If you rely on Research in Motion's BlackBerry smartphones, it's time to prep your exit strategy. RIM is in serious decline, and the slide has accelerated dramatically in recent weeks. The company has made massive layoffs, its stock price has plummeted -- a sign of investors losing faith -- and most analysts doubt very much its repeatedly promised BlackBerry 10 OS will be the Hail Mary that outclasses Apple's iOS or Google's Android.
The likelihood of RIM going bankrupt or becoming a skeleton of itself jumped significantly late last week when RIM revealed that BlackBerry 10 has been delayed yet again, now to early 2013, a year later than originally predicted. By then, iOS 6 and Android 4.1 "Jelly Bean" will be well established, and Microsoft's Windows Phone 8 will have debuted, offering for the first time enterprise security and management features that may finally near what iOS and Android offer. It seems unlikely users will desire the BlackBerry 10 in those circumstances.
[ A step-by-step guide: How to move your contacts from BlackBerry to iOS or Android. | Updated for iOS 5, Android 4, BlackBerry OS 7, and Windows Phone 7.5: Learn how to manage mobile devices in InfoWorld's 20-page Mobile Management Deep Dive PDF special report. ]
"RIM's potential financial troubles, weakened reputation, and so much effort into a tablet [the BlackBerry PlayBook] that has not caught on are all good reasons to look at other options," says John Pitts, president of managed services provider Tekcetera.
So what steps should companies take to prepare for the demise of RIM, if it happens in the next year or so?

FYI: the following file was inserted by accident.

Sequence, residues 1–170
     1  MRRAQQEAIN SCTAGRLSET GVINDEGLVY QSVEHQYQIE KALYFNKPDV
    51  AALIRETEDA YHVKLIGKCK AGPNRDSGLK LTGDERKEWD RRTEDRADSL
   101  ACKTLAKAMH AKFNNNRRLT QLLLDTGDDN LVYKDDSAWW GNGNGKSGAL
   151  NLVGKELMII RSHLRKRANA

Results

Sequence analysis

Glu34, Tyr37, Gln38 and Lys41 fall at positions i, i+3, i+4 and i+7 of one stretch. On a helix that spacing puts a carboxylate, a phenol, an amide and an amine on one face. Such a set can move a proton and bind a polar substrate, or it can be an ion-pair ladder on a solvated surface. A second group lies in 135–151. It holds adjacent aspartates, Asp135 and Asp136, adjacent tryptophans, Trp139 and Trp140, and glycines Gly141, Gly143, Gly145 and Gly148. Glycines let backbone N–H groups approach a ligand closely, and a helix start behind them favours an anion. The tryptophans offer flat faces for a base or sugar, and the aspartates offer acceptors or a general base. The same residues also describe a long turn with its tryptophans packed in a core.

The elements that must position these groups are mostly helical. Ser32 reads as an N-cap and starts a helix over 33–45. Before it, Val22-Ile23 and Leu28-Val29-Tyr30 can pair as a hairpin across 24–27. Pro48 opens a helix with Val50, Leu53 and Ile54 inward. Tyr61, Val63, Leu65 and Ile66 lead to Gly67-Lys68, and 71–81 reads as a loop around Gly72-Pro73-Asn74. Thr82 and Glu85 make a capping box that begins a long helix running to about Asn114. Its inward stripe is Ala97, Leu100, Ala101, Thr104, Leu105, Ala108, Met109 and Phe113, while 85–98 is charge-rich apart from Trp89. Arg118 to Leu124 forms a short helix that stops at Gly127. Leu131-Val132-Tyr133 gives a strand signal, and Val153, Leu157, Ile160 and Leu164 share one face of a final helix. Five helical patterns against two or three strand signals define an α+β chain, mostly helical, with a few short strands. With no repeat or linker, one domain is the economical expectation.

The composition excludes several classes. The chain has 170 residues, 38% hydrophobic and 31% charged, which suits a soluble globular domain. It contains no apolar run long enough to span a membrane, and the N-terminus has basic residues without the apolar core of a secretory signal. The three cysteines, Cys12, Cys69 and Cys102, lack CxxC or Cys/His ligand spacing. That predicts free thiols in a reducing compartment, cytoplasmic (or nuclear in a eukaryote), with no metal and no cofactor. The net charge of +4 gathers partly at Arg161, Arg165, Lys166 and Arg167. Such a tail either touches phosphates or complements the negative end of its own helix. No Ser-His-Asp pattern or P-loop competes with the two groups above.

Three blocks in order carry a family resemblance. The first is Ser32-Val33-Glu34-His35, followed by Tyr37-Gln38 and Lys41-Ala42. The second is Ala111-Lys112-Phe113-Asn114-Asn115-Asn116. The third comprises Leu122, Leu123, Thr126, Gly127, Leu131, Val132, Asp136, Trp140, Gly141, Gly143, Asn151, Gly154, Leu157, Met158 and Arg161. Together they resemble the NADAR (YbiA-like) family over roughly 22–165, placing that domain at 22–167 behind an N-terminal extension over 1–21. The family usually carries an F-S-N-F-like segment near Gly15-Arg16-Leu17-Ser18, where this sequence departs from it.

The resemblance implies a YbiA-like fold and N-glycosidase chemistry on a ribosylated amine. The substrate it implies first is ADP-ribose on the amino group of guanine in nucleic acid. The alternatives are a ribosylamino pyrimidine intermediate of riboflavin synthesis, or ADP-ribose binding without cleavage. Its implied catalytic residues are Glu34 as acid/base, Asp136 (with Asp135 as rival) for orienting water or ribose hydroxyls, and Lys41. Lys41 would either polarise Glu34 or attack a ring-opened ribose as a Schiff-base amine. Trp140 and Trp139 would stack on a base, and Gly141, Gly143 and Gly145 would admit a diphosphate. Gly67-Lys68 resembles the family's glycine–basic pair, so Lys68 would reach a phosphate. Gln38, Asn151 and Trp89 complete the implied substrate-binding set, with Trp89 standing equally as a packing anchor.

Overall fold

1. Make the mental switch from mobile messaging to mobile apps
Many organizations have already opened up to iOS and, to a lesser extent, Android. For example, at furniture retailer Holly Hunt, a BlackBerry is considered the bare minimum for mobile users because it's designed for email and messaging, not so much for running apps and accessing the Web as iOS and Android devices can do very effectively. At Holly Hunt, the BlackBerry is no longer the preferred device, despite its long history with the company, notes says Neil Goodrich, director of business analytics and technology.
Schumacher Group, a provider of emergency room management services, is taking an even stronger line: It will move from BlackBerrys to iPhones once iOS 6 comes out this fall, says CIO Doug Menefee.
The move from BlackBerry represents a shift in enterprise mobile computing from predominantly email to enterprise business applications, says Vishal Jain, a mobile services analyst at 451 Research. For example, "mobile computing is getting closer to opening up ERP systems, which were traditionally accessed through desktops," Jain says. The BlackBerry simply isn't designed for app usage; by clinging to it, companies are held back from heading in the direction of computing.
2. Develop and enforce a mobile policy
When research firm Aberdeen Group surveyed 239 U.S. companies about their mobile device strategies this spring, researchers were particularly disturbed that 43 percent of the respondents permitted their employees to use mobile devices that don't comply with the company's mobile policy.
Additionally, many companies don't have mobile policies that reflect the app-centric and Web-centric reality of iOS and Android. With the increased adoption of bring-your-own-device and choose-your-own-device approaches, it's now paramount to have those policies in place. That way, users know what they're permitted to do and how they're expected to safeguard company information, says Andrew Borg, an Aberdeen research director for mobile.
It's baffling that companies would create a mobile device policy and not enforce it, but it's clearly a common occurrence. That has to change, Borg says.